Your Tuesday Briefing: The Fallout from Bucha

your tuesday briefing the fallout from bucha
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Good morning. We’re covering the fallout from Russian atrocities in Bucha, the end of Carrie Lam’s tenure as Hong Kong’s leader and Pakistan’s political crisis.

President Biden called the indiscriminate civilian deaths in Bucha a “war crime” and said the U.S. would impose additional sanctions on Russia. Some European leaders also demanded tougher sanctions, including a total ban on Russian fuel imports. Here are the latest updates.

Moscow has denied that its soldiers had anything to do with the atrocities, which have come to light as Russian forces retreat from Kyiv. The Kremlin accused the West of fabricating evidence of the killings, and Russian officials said anyone attributing them to their country’s actions could face prosecution.

But a review of satellite images and videos by The Times shows that many of the civilians were killed more than three weeks ago, when Russia’s military controlled the town. There were bodies in the streets as early as March 11, well before Russia says it “withdrew completely” from the town.

Bucha: A mass grave filled up in the small town north of Kyiv after the morgue, forced to operate without electricity, became intolerable. “They shot everyone they saw,” a woman said.

Response: Germany, France and Lithuania are expelling Russian diplomats. The U.S. ambassador to the U.N. said that America and its allies would seek to suspend Russia from the U.N. Human Rights Council.

China: The Communist Party is mounting an ideological campaign to build popular support for Russia.

State of the war:

Other updates:


On Monday, Carrie Lam announced that she would not seek a second term as the leader of Hong Kong. Lam, 64, cited family reasons, but critics said the final straw was her failure to guide the city through a Covid outbreak that killed more than 8,000 people in two months.

Under Lam’s watch, citywide protests deepened political divisions. A national security law silenced a once-vibrant civil society. And restrictive pandemic policies threatened Hong Kong’s status as Asia’s world city.

With each crisis, Lam tried to serve the will of Beijing, which controls the territory. Critics say she oversaw a systemic backslide of personal liberties, further isolating Hong Kong from an international community leery of China’s growing authoritarian grip.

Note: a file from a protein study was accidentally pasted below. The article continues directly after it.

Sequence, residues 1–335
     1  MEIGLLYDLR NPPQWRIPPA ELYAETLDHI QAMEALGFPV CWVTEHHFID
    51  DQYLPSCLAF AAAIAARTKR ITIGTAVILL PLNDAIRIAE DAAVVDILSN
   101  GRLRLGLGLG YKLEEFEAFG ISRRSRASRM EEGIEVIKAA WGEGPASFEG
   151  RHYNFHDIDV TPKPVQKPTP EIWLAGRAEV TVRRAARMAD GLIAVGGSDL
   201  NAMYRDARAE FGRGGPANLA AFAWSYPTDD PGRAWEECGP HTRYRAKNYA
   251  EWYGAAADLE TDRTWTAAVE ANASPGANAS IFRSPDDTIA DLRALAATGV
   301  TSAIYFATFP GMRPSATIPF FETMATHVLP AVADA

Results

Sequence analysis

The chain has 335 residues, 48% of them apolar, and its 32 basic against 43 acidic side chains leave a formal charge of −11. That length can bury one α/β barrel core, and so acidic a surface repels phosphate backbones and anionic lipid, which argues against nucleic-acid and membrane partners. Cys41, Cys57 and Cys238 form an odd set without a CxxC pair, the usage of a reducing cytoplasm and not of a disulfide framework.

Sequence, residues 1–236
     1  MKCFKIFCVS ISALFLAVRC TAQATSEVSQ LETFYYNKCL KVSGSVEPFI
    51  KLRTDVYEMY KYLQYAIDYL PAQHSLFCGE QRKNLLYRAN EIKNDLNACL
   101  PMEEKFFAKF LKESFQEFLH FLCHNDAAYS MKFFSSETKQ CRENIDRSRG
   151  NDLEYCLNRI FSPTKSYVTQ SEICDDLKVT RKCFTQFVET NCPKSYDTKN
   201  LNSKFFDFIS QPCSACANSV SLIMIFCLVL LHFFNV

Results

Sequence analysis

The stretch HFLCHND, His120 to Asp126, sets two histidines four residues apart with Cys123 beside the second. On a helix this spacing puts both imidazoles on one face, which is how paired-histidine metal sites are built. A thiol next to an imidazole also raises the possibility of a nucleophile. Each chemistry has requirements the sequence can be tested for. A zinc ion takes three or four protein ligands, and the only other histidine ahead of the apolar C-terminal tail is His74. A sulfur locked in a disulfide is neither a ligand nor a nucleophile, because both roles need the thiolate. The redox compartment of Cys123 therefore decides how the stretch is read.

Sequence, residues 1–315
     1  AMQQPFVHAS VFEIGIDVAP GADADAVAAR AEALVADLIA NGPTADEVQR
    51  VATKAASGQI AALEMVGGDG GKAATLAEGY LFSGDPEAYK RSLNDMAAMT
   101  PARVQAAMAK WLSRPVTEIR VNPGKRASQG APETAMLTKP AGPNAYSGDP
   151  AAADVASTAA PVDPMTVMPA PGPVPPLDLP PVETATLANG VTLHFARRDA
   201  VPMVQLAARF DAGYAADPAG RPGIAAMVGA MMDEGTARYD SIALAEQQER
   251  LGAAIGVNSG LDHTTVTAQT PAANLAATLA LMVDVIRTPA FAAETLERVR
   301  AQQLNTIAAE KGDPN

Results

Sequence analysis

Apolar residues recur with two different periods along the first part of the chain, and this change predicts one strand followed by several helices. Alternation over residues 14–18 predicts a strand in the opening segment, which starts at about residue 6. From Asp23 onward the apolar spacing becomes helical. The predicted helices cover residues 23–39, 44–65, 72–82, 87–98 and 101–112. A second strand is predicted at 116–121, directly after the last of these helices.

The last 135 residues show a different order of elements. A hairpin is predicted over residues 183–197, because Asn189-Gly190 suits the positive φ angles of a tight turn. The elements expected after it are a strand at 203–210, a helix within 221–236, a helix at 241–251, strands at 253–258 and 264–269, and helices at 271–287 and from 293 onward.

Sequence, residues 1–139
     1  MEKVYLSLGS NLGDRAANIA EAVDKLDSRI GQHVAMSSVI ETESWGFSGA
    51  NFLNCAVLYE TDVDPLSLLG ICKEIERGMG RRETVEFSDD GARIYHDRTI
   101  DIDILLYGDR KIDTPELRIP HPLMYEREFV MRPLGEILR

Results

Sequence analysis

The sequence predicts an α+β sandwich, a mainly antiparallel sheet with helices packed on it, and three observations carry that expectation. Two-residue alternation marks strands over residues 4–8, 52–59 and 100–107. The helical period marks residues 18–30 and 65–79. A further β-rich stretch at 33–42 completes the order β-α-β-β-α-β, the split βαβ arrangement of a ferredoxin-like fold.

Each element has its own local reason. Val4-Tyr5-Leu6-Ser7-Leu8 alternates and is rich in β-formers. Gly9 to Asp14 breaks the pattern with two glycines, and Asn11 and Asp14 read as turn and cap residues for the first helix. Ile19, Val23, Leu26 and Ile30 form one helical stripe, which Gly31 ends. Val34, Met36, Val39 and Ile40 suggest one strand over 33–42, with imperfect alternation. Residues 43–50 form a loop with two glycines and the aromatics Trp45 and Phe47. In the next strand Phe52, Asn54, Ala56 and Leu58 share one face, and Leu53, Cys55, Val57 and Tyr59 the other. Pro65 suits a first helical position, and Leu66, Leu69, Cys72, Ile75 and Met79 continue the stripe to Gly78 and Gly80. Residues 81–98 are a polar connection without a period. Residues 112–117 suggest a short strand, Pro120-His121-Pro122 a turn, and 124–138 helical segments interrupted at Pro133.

Data: At one point, the city’s coronavirus fatality rate was among the highest in the world, in large part because many older people were unvaccinated.

Here are the latest updates and maps of the pandemic.


Pakistan’s Supreme Court adjourned Monday after a hearing on whether lawmakers can hold a no-confidence vote regarding Prime Minister Imran Khan.

On Sunday, Khan dissolved Parliament and called for new elections after he and his allies blocked the vote that was widely expected to remove him from office.

The justices are expected to issue a verdict in the coming days. There are three possible outcomes:

  • The court could order the vote of no confidence, jeopardizing Khan’s hold on power.

  • The court could rule that Khan’s move was unconstitutional but opt not to restore the dissolved Parliament or allow the vote to move forward.

  • The court could decline to interfere, effectively upholding Khan’s actions and paving the way for early elections.

Details: Many constitutional experts believe the court will rule against Khan. But the verdict is far from certain.

Maneuvering: On Monday, Khan appeared to push ahead with his plans to hold early elections: He took steps to establish an interim government and called for a protest in the capital, Islamabad.

Many Brazilian companies are seeking out Black and Indigenous workers to diversify their ranks and reverse the country’s deep inequality. After activists sued LinkedIn for removing job ads that sought candidates of color, the company changed its global policy.

The 64th annual music awards shone with glitz and youthful glam.

Jon Batiste, the New Orleans jazz scion and late-night bandleader, won album of the year. Silk Sonic — the retro soul-funk project of Bruno Mars and Anderson .Paak — took home awards for both best record and best song. And Olivia Rodrigo won best pop vocal album and best new artist. Check out the full list of winners.

The awards also included geopolitical maneuvering: President Volodymyr Zelensky of Ukraine delivered an impassioned plea for help in a recorded video.

Fashion flourished, too: “If there was a theme to the night, it was an exuberant anything-goes attitude that was not a bad reminder of why red carpets are fun in the first place,” our chief fashion critic writes.

For more: Here’s a red carpet slide show and the best and worst moments.

That’s it for today’s briefing. See you next time. — Amelia

P.S. Our China team is changing: Keith Bradsher will become our Beijing bureau chief, to be joined there by Vivian Wang. Alexandra Stevenson will move to China as our new Shanghai bureau chief and Daisuke Wakabayashi will relocate to Seoul.

The latest episode of “The Daily” is about Donald Trump and the 2020 election.

You can reach Amelia and the team at briefing@nytimes.com.

NYT

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